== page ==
Tackle Tax and let the UK Prosper
In the 2019 General Election, Jeremy Corbyn’s taxation policy was radical. He wanted to raise an extra £82.9bn by increasing Income Tax for those earning above £80,000 to 45% and 50% for those with incomes above £125,000. Corporation Tax was set to rise from 19% to 26%, and the introduction of a second homes tax was planned at some 200% of the Council Tax bill. The list goes on.
Keir Starmer is likely to be more reserved, especially as his popularity is on the up. In his leadership campaign the new Labour Leader was deliberately ambiguous about his ideological position and took care to distance himself from the radical Left, whilst simultaneously doing the same from the Blair years and the right of the Party.
Starmer has shown that he is ostensibly a left of centre Liberal, and we can speculate that his fiscal policy will certainly be less radical than that of his predecessor.
The general view on taxation amongst centrist Liberals is that a percentile or two extra on tax rates will provide more funds for our public service, whilst having little effect on commerce and the economy. But does this idea really hold true?
The Government and a vast majority within the Tory right would disagree.
Indeed, the alternative view would be that If you want to provide longevity to the prosperity of an economy a tax increase is not the solution, no matter how miniscule the percentage rise might be.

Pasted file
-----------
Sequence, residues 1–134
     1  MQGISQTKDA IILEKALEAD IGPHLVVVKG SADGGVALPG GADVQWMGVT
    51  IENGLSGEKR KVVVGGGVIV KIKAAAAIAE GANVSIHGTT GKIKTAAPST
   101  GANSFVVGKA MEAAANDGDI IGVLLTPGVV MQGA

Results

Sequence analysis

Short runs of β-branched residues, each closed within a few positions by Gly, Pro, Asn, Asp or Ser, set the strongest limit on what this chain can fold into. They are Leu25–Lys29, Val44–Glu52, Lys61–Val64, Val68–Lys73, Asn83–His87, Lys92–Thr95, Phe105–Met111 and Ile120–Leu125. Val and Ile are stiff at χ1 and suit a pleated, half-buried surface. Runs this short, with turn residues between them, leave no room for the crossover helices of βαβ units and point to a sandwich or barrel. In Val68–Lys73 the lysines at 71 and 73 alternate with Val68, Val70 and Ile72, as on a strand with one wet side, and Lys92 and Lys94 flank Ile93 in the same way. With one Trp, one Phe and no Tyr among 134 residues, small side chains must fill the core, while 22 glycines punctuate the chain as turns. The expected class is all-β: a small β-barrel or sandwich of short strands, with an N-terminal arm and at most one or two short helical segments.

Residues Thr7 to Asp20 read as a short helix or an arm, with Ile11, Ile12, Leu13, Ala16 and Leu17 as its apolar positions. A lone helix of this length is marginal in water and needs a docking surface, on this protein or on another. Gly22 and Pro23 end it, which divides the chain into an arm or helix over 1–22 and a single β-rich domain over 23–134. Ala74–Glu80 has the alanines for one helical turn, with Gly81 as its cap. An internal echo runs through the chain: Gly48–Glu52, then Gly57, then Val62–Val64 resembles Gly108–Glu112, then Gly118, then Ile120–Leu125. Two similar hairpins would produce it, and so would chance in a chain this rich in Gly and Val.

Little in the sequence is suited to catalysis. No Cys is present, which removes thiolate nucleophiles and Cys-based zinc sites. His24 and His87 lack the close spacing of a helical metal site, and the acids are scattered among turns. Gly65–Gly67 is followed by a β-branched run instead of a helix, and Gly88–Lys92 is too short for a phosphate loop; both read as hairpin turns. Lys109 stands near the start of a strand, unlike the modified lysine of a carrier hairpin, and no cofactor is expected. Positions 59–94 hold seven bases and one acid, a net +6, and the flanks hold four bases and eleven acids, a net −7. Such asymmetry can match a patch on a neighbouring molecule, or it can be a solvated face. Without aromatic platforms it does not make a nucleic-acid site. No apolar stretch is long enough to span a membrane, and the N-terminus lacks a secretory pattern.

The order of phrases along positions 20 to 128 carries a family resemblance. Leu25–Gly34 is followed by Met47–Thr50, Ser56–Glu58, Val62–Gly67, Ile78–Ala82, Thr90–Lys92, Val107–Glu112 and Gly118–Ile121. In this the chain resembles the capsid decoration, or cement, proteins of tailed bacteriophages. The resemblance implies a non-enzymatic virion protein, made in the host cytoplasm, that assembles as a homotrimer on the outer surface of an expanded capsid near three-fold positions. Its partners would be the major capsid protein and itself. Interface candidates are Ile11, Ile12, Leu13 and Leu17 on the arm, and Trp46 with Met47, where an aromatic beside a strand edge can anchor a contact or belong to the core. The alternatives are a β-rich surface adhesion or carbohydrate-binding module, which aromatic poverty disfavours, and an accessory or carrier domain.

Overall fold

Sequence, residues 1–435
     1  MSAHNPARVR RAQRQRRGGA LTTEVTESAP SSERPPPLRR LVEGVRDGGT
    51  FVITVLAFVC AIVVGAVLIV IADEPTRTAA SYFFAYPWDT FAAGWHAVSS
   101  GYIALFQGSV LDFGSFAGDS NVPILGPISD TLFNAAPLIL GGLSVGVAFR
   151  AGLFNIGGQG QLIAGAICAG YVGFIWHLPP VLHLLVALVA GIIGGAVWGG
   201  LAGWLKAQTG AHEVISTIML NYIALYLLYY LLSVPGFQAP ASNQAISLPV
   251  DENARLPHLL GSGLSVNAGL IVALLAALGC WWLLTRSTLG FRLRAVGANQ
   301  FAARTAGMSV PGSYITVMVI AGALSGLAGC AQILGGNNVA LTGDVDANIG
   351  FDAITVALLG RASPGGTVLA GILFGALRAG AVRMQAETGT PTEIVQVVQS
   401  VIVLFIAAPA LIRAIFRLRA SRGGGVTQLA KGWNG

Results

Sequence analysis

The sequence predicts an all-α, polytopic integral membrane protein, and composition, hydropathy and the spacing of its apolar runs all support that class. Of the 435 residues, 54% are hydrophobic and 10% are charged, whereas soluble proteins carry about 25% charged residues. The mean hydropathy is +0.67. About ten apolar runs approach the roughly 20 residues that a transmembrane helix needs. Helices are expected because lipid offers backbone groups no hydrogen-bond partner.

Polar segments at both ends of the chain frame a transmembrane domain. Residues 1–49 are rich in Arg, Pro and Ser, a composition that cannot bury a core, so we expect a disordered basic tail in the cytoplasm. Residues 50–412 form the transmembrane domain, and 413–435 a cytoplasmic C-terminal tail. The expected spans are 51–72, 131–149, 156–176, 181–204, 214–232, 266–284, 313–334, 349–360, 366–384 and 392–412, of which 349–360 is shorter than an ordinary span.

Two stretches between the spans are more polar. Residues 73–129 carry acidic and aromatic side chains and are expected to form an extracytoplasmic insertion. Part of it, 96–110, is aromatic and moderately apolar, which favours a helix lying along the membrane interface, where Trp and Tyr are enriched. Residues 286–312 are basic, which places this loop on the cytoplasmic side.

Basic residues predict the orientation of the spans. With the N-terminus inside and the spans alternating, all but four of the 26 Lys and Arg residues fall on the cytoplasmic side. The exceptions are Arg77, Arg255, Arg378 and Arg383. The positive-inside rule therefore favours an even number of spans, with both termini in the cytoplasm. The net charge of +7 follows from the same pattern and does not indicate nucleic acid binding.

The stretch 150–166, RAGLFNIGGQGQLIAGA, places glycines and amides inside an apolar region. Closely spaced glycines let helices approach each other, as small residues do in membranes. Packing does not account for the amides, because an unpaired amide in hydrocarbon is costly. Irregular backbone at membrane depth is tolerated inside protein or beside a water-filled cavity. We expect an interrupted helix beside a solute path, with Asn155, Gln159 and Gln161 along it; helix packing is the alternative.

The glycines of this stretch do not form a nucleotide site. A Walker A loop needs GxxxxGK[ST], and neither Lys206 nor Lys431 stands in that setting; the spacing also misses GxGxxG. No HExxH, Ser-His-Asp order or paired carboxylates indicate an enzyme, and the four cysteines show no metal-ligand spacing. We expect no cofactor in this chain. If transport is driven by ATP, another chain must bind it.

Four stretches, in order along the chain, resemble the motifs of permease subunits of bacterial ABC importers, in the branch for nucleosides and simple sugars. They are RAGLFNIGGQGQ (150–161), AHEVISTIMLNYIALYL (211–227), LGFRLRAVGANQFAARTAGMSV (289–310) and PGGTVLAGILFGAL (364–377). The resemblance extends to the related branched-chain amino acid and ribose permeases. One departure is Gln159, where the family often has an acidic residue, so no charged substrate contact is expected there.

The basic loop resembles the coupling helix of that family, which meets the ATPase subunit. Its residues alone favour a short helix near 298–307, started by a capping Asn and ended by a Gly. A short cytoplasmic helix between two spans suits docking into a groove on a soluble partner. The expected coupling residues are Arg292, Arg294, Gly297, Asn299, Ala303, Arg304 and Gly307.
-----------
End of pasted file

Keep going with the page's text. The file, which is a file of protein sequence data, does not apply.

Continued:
Taxation, no matter how small, will have a contractionary effect on the economy. The level of that contraction will not always be directly proportional to the percentage of the change. But the fact remains that the economy will still be constricted either way.
Tax Increases may provide short term revenue to the Government. But in the long term it will only decrease the amount of tax procured to the State.
Across the Pond in the United States, The National Bureau of Economic Research state how “an exogenous tax increase of 1pc of GDP lowers real GDP roughly 2 to 3 percent.” This is a fitting illustration of the effect of Taxation on an economy. More tax leads to a lower GDP, leading to less tax receipts, less Government revenue and therefore it leads to less money being available to spend on vital services for our communities.
An increase in tax today will lead to a loss of future tax receipts and Government revenue. We have been here before and the figures speak for themselves:
In 2010, Alastair Darling raised the top rate of tax to 50% of income after it was predicted that such a move would raise £3bn. In the short run it only raised £1bn towards address the debt accumulated due to the 2008 Bank Bailouts. In George Osbourne’s 2012 budget the top rate of Tax was lowered to 45% and a later HMRC report indicated the cut raised an additional £8bn.
The figures speak for themselves. Tax increases will provide short-term revenue, but that revenue will ultimately fall as the economy continues to be constricted.
With indications that the Chancellor is considering Tax rises as a step to offset the Lockdown debt, the Government may not be giving adequate consideration to the real financial issues the Country faces. An increase in tax today will not help our prosperity in the long run.
Government must avoid seeking yet another quick fix. They must take the difficult decisions that will be beneficial in the long run.
It should be a no-brainer. Let’s reduce Tax and let Great Britain prosper.